Museum-Pamphlet Type Works
Hughes, Mike & Forrest, M. "Romans Discover Britain." Cambridge: Cambridge Univ. Press, 1988. ISBN: 0 521 2817 9
Potter, T.W. "Roman Britain." London: British Museum Publications, 1990. ISBN: 0-7141-2023-5
Tribes (the "Peoples of Roman Britain" series)
Branigan, Keith. "Peoples of Roman Britain: The Catuvellauni." Gloucester: Alan Sutton, 1985. ISBN: 0 86299 255 9
Cunliffe, Barry. "Peoples of Roman Britain: The Regni." London: Gerald Duckworth & Co Ltd, 1973. ISBN: 0 7156 0669 7
Detsicas, Alec. "Peoples of Roman Britain: The Cantiaci." Gloucester: Alan Sutton, 1987. ISBN: 0 86299 177 X
Dunnett, Rosalind. "Peoples of Roman Britain: The Trinovantes." London: Gerald Duckworth & Co Ltd, 1975. ISBN: 7156 0842 8
Higham, Nicholas & Jones,. "Peoples of Roman Britain: The Carvetii." Gloucester: Alan Sutton, 1985. ISBN: 0-86299-164-1
Ramm, Herman. "Peoples of Roman Britain: The Parisi." London: Duckworth, 1978. ISBN: 0-7156-1167-4
Todd, Malcolm. "Peoples of Roman Britain: The Coritani." London: Duckworth, 1973. ISBN: 0-7156-0698-0
Webster, Graham. "Peoples of Roman Britain: The Cornovii." London: Gerald Duckworth and Co., 1975. ISBN: 7156-0833-9
Wacher, John. "Towns of Roman Britain, The." London: B.T. Batsford Ltd., 1992. ISBN: 0-7134-2790-6
Rivet, A.L.F. "Town and Country in Roman Britain." London: Hutchinson Univ Library, 1966. ISBN:
Burnham, Barry C. & Wacher, John. "Small Towns of Roman Britain, The." Berkeley: Univ. of California Press, 1990. ISBN: 0-520-07303-7
Rivet, A.L.F. "Roman Villa in Britain, The." London: Routledge & Kegan Paul, 1969. ISBN: 7100-1657-3
Primary Sources (in translation)
Ireland, S. "Roman Britain: A Sourcebook." London: Croom Helm, 1986. ISBN: 0-7099-1315-X
Burn, A. R. "Romans in Britain, The - An Anthology of Inscriptions." Columbia SC: Univ. of S. Carolina Pres, 1969. ISBN: 87249-142-0
Bowman, Alan K. "Life and Letters on the Roman Frontier." New York: Routledge, 1994. ISBN: 0-415-92025-6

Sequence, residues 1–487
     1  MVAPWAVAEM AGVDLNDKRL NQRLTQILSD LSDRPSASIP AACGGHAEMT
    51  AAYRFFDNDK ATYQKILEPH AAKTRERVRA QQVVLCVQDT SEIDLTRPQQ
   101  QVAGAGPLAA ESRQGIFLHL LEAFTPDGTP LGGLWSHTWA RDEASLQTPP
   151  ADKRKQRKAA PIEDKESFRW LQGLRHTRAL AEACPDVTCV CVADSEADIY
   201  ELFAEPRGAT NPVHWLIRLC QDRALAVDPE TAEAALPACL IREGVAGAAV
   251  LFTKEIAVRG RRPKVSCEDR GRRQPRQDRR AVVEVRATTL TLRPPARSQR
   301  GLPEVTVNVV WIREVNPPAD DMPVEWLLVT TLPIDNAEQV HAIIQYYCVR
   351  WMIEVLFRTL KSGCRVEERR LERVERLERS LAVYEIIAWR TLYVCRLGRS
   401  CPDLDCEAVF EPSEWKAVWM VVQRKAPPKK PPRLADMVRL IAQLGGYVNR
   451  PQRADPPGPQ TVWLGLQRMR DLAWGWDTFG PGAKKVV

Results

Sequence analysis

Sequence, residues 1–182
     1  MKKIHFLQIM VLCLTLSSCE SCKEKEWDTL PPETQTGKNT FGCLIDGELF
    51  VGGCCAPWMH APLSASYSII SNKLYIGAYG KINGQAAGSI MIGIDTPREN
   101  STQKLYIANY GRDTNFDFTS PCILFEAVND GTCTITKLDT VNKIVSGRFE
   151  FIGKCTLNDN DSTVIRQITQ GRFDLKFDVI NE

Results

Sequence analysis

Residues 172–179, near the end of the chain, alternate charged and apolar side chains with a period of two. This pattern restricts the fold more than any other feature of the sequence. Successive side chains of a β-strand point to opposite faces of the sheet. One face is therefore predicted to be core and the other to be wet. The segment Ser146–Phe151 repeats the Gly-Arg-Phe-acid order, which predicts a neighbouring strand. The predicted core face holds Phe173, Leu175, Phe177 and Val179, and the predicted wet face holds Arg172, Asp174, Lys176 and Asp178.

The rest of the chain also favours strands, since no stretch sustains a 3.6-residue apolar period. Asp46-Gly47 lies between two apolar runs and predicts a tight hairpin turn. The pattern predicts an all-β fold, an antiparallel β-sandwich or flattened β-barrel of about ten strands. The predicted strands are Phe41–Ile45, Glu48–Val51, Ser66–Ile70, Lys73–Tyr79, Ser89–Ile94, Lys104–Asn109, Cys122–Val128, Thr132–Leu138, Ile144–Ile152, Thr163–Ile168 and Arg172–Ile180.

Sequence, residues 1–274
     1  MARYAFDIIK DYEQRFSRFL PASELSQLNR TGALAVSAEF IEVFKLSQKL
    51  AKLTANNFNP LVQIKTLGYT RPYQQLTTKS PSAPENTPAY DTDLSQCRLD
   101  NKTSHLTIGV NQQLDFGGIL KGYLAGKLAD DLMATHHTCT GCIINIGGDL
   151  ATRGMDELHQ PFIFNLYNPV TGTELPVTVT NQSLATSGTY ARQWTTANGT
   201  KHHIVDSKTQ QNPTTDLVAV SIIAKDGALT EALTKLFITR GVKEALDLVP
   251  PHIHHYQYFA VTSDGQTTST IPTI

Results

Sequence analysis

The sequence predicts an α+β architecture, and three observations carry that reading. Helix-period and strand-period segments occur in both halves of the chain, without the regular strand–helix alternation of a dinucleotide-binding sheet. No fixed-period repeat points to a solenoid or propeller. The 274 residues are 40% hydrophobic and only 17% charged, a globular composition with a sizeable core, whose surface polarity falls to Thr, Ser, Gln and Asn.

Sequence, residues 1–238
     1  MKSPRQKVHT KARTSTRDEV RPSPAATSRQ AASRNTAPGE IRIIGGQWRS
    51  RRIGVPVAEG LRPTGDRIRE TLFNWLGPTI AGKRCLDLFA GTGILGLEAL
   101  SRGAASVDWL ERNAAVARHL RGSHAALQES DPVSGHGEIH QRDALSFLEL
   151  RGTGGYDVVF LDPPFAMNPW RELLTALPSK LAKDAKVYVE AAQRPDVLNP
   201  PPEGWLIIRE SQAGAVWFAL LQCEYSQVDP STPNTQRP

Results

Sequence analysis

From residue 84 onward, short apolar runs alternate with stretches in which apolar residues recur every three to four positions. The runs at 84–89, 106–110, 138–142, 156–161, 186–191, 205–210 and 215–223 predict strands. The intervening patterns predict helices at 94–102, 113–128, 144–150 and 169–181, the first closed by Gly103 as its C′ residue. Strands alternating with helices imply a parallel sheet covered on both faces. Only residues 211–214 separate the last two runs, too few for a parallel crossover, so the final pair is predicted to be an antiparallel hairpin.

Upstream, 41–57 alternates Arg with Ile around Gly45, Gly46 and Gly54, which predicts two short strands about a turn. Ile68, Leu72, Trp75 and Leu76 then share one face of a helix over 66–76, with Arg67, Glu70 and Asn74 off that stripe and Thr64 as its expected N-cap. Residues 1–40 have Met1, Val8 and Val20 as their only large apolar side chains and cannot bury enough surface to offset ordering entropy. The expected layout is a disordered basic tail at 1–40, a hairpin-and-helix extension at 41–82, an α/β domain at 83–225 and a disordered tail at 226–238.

Children's "Everyday Life" Books (actually quite reasonable for our purposes)
Birley, Anthony. "Life in Roman Britain." New York: G.P. Putnam's Sons, 1964. ISBN: none
Quennell, Marjorie & C.H. "Everyday Life in Roman and Anglo-Saxon Times." New York: Dorset Press, 1987. ISBN: 0-88029-125-7
Works Primarily on Artifacts
Hartley, Elizabeth. "Roman Life at the Yorkshire Museum." York: The Yorkshire Museum, 1985. ISBN: 0 905807 02 2
Johns, Catherine. "Jewellery of Roman Britain, The." Ann Arbor: Univ of Michigan Press, 1996. ISBN: 0-472-10766-6
British Museum. "Antiquities of Roman Britain." London: Trustees of the Brit. Mus, 1971. ISBN: 7141 1307 7
[see also several publications in the "Shire Archaeology" series, specifically "Pottery in Roman Britain", "Roman Crafts and Industries"]
Rivet, A.L.F. & Smith, Co. "Place-Names of Roman Britain, The." Princeton: Princeton Univ Press, 1979. ISBN: 0-691-03953-4
Simpson, Grace. "Britons and the Roman Army." London: Gregg Press, Ltd., 1964. ISBN:
Journal Articles (mostly archaeological excavation reports -- some of the citations are incomplete because I wasn't paying attention when I photocopied them)
Ling, Roger & Ling, Lesley A. "Excavations at Loughor, Glamorgan ... Roman Fort." 1973. Archaeologia Cambrensis 122:99-146
White, Richard B. "Excavations in Caernarfon 1976-77." 1985. Archaeologia Cambrensis 134:87-99
Branigan, K. & Dearne & Rutter. "Romano-British Occupation of Minchin Hole Cave, Go." 1994. Archaeologia Cambrensis 142:?-? (pg. no. cut-off on copy)
?author. "Circular habitations in Holyhead Island (excerpt)." 1868. Archaeologia Cambrensis 14:419-421
?author. "Uriconium (artifacts) ." 1860. Archaeologia Cambrensis 3/6:312 314
Breese, Charles E. "Roman Buildings at Glasfryn, Tremadoc, Carns." 1908. Archaeologia Cambrensis 8
Lethbridge, T.C. "Shell Mounds and Winkle Pins." 1928. Archaeologia Cambrensis 83:175-181
Breese, Charles E. & Anwyl, Ed. "Roman Building at Glasfryn, Tremadoc, Carns." 1909. Archaeologia Cambrensis 9
Nash-Williams, V.E. "Roman Villa at Llanfrynach, Brecknockshire." 1950. Bulletin of the Board of Celtic Studies 13:105-108